Cosmogenic surface exposure dating
This is different from techniques (like Ar, or U/Th) that date the formation of a rock itself.
Super high energy particles—mostly protons— are produced by our Sun, supernovae, and probably other extraterrestrial sources.
East of the LGM margin exposure ages from 35 samples show Late Weichselian ages in a range between 20.6 - 11.9 ka.
To test to what extent these dates reflect the onset of deglaciation immediately after cessation of active glacier flow, surface exposure ages are evaluated against independent chronologies of Late Weichselian ice-sheet fluctuations in southwestern Scandinavia.
The glacial stages that have been identified are: the Indus Valley glacial stage, dated at older than 430 ka; the Leh glacial stage occurring in the penultiniate glacial cycle or older; the Kar glacial stage, occurring during the early part of the last glacial cycle; the Bazgo glacial stage, at its maximum during the middle of the last glacial cycle, and the early Holocene Khalling glacial stage.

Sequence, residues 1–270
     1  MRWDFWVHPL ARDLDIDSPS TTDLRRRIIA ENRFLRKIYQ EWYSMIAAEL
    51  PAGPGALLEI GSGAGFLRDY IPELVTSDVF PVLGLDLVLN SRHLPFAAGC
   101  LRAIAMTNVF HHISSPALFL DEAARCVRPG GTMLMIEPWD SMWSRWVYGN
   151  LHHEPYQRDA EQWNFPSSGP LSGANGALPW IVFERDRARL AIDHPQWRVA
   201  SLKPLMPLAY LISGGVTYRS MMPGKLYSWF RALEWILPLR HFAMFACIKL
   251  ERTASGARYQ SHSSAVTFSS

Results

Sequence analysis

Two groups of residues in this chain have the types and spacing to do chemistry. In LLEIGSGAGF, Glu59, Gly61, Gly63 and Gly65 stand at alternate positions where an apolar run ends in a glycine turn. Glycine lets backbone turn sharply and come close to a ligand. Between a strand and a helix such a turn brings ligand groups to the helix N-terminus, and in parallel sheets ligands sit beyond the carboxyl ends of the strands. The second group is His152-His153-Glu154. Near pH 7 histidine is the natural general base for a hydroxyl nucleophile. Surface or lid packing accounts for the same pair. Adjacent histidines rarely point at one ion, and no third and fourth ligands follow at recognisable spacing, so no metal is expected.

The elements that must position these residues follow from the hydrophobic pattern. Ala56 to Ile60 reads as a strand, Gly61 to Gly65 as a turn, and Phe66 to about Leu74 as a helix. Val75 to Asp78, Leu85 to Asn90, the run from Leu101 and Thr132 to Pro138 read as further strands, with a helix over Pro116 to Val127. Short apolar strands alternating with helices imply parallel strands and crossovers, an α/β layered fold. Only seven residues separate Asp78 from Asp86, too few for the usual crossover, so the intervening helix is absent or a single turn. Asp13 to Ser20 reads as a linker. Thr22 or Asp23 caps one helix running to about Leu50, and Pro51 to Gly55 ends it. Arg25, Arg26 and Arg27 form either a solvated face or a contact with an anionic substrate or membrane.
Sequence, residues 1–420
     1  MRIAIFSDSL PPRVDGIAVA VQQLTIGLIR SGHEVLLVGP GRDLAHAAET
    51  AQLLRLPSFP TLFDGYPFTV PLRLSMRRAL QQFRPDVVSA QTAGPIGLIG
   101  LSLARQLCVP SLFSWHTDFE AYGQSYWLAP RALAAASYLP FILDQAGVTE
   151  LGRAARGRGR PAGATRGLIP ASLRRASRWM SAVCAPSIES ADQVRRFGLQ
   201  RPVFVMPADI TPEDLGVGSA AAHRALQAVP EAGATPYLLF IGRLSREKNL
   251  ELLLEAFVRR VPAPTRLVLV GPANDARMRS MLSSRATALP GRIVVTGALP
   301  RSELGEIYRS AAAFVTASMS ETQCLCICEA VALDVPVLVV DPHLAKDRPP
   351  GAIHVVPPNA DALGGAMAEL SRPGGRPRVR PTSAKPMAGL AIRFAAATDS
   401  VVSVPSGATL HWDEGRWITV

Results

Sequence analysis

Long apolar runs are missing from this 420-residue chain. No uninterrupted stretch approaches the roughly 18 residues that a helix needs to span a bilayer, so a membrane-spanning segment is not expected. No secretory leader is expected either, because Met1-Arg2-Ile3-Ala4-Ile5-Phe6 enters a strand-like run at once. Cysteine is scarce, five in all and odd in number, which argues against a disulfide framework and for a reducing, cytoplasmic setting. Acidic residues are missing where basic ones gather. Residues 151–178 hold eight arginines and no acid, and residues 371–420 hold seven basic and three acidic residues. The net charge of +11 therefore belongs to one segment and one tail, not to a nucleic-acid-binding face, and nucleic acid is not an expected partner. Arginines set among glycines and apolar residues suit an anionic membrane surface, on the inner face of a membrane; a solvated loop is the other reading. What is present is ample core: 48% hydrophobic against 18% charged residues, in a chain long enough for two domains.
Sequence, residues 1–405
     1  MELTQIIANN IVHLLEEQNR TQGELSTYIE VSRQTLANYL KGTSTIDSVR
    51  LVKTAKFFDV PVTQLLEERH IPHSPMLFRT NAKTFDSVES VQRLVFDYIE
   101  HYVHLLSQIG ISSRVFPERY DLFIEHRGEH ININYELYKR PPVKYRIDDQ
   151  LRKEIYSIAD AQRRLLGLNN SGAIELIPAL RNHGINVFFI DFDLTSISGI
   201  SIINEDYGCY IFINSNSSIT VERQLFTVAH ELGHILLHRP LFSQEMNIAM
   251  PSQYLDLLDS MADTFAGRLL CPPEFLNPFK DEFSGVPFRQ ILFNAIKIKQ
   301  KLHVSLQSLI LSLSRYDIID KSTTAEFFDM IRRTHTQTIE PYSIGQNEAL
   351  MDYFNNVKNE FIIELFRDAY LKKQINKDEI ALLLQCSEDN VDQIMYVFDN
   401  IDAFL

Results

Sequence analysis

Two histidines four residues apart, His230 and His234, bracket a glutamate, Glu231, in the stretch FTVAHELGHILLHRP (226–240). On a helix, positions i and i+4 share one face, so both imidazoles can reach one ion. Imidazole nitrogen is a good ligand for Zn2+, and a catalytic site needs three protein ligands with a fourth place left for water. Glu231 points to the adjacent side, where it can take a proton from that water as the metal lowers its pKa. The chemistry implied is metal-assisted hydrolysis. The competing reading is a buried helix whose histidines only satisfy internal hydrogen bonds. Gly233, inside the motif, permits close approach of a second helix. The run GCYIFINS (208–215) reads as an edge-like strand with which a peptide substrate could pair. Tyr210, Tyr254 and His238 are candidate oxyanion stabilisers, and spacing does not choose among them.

The exposure ages of the Indus Valley moraines are the oldest observed to date throughout the Himalayan orogen.
If we are particularly interested in the timing of the uncovering of a surface—say, bedrock that had been covered by ice, or sediments that had been revealed by the incision of a stream—we can employ cosmogenic nuclide surface exposure dating to study that uncovering process.
Data from both cosmogenic nuclides are in overall good agreement with each other confirming continuous exposure of the Gotthard Pass area throughout the Holocene.
Some slightly younger in situ 14C ages compared to the corresponding 10Be ages are interpreted to result from partial surface shielding due to snow cover.
We conclude, that interpretation of cosmogenic exposure ages should include careful evaluation of possible post-depositional landform transformation in attempts to fine tune ages of e.g. With reference to independent age models we critically evaluate glacier advance – retreat scenarios from regions around the southern Baltic that alone are based on weighted average ages of cosmogenic exposure dating.
Terrestrial cosmogenic nuclide surface exposure dating of moraine boulders and alluvial fan sediments define the timing of five glacial advances over at least the last five glacial cycles in the Ladakh Range of the Transhirnalaya.